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Issue date: May 19, 2000

Salamanders could affect building plans Salamanders could affect building plans (May 19, 2000)

University is creating new foothills habitat for shy amphibian

by Don Kazak

The California tiger salamander, an 8-inch amphibian with pale yellow spots that lives happily under Stanford's watchful eye, may soon be breeding in the foothills if the university's plan works out.

The amphibians have already caused the traditional Big Game bonfires to become just a memory because they were interfering with the salamanders' prime breeding habitat--Lake Lagunita.

Now Stanford wants to build a habitat for humans near the lake, which means a new salamander home would be created on the other side of Junipero Serra Boulevard.

And, to make the foothills plan work, the university will have to build a small tunnel for the salamanders to safely get from the hills to the lake area and back again. Now, the slow-moving amphibians are often run over by cars on Junipero Serra Boulevard, which becomes Foothill Expressway south of Page Mill Road.

An overdue environmental impact report on the proposed 21,000- square- foot Carnegie Foundation building in the hills will focus largely on the salamander as well, according to a county planner. The EIR is due soon, possibly within a week.

The salamander, Ambystoma californiese, is legally special. It is now classified by California as a "species of special concern" and is a candidate species to be listed as "threatened" under the federal Endangered Species Act, one rung below "endangered species."

But any classification under federal or state law means that care must be taken to protect the amphibian's habitat from harm.

The university is currently working with a "management zone" for the salamanders under a 1998 agreement between the university, Santa Clara County, the state Department of Fish and Game and the federal Fish and Wildlife Service.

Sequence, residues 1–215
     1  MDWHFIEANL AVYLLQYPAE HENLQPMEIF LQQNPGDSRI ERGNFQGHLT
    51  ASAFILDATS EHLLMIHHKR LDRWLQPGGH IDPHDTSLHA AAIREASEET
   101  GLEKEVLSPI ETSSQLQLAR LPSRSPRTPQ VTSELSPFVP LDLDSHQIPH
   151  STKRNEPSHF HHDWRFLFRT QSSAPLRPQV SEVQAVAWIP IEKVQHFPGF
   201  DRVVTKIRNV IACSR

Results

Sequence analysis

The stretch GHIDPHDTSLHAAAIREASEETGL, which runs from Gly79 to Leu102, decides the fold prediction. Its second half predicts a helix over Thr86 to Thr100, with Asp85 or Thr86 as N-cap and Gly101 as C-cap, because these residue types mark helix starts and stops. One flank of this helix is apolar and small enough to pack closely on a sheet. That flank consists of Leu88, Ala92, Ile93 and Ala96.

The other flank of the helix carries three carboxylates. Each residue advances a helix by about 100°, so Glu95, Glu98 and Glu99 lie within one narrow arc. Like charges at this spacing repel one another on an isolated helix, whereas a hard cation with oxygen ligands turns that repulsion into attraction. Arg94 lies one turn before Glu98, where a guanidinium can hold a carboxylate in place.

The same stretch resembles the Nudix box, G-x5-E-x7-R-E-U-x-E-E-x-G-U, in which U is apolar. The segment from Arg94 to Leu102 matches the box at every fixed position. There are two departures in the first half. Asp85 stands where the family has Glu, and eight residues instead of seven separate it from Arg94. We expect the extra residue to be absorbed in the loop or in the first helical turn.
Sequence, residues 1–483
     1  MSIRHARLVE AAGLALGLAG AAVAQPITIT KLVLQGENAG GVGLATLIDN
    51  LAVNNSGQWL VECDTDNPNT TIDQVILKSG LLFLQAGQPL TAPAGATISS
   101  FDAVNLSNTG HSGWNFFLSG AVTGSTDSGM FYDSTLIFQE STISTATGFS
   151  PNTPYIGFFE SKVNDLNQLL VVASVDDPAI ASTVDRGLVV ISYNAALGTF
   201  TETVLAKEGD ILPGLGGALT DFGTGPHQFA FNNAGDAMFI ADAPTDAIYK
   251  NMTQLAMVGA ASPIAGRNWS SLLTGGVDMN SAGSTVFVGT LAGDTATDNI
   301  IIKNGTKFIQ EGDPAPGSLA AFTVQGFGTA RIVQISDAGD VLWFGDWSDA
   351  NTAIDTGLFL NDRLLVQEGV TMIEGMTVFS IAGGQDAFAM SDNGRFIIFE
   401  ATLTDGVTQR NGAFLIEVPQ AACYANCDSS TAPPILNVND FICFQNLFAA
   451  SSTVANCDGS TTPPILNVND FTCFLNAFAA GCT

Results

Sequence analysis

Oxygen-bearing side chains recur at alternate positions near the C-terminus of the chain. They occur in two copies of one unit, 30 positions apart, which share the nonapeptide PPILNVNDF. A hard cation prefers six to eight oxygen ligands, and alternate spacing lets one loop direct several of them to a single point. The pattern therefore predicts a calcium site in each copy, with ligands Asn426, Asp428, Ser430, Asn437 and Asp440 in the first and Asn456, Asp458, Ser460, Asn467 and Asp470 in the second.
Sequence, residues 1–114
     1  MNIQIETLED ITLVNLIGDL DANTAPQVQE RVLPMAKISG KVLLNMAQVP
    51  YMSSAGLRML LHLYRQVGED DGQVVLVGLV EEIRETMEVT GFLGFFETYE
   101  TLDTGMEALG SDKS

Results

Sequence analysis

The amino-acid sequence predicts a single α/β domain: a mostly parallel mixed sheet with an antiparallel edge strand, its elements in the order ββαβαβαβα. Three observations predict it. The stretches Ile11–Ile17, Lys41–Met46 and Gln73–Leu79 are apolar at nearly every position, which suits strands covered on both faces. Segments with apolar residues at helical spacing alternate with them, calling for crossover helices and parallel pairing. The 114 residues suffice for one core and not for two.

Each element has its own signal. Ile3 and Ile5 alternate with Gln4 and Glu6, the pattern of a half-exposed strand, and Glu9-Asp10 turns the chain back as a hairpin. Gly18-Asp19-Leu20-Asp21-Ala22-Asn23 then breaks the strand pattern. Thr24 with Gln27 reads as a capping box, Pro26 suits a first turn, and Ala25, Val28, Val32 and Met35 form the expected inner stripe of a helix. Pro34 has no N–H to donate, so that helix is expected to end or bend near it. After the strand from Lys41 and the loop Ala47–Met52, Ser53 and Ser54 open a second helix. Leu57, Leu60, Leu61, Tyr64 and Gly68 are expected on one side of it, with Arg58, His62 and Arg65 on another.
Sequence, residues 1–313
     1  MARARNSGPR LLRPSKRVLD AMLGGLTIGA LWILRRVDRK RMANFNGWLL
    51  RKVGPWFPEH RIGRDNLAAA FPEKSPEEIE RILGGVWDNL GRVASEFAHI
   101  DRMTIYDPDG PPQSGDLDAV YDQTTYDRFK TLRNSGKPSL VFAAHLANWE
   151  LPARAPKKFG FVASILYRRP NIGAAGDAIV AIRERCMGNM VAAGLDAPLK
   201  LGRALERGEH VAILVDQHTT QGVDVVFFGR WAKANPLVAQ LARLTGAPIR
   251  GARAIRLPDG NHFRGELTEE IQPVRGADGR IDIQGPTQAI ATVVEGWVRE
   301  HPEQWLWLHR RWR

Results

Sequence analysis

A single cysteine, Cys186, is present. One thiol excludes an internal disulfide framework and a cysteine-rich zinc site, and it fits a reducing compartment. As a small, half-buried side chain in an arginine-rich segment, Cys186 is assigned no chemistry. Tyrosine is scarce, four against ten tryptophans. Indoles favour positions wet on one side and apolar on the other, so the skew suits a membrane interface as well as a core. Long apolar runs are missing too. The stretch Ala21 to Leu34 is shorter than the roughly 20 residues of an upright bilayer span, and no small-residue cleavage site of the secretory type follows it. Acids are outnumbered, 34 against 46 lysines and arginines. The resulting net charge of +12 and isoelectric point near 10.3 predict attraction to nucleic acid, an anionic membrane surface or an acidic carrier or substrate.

A new agreement is now being negotiated, according to Larry Horton, Stanford's director of government and community relations. "We are proposing to expand the zone and move it," Horton said.

Stanford has already put in new ponds in the hills to make the area salamander-friendly, and is planning the tunnel under Junipera Serra Boulevard. Such tunnels have been used with success to protect a similar species of salamander in Massachusetts.

As a makeshift barrier, Stanford has installed some plastic piping near the road to block the salamanders, who can't crawl over it. The salamanders generally try to cross the road to get back to the lake after the first heavy rain of the fall or winter. Stopped in their tracks by the barrier, the salamanders congregate at the pipe until they are carried safely across the road by students.

The salamander is already affecting people who hike or jog in the Dish area. Because of the new habitat being created, Stanford plans to restrict hills visitors to paved paths in the Dish area beginning Sept. 1, and will ban all dogs.

Tiger salamanders are indigenous to the coastal areas of California. Besides the Peninsula, they are also found in the Santa Barbara area, said Peter Drekmeier of the Stanford Open Space Alliance.

"It's great that Stanford wants to create new habitat for the salamander, but they shouldn't remove a proven one (at Lake Lagunita) to do it," Drekmeier said.

Denice Dade of the Committee for Green Foothills also applauded the increased salamander habitat, but thinks the planning should have been part of Stanford's overall community plan now pending before Santa Clara County.

"It needs to be public so people know what Stanford is doing," Dade said. "There's no information and no maps."

A big remaining question is whether the tiger salamander could affect the plans to build a Carnegie Foundation building nearby in the hills. Part of that area has been designated a "special conservation area."

"That probably means there are tiger salamanders there," Dade said.

If so, the Endangered Species Act could be used to try to stop the development, Dade said.

Dade and other environmentalists would like Stanford to make a commitment to not build anything west of Junipero Serra Boulevard, the location of the Carnegie Foundation site. But that development is proceeding on the university's current general use permit, dating back to 1989, and not under the current permit now pending before county officials.

The Aug. 7, 1998 agreement between Stanford, Santa Clara County, the state Department of Fish and Game and the federal Fish and Wildlife Service designates the boundaries of the management zone, which extends from the developed campus area below Lake Lagunita up through the lake, across Junipero Serra Boulevard and into the foothills.

The agreement also prohibits certain activities in the management zone and requires a biologist be present when any work is done. While the 1998 agreement lists several projects in the management zone, the Carnegie Foundation project is not included in the list. 


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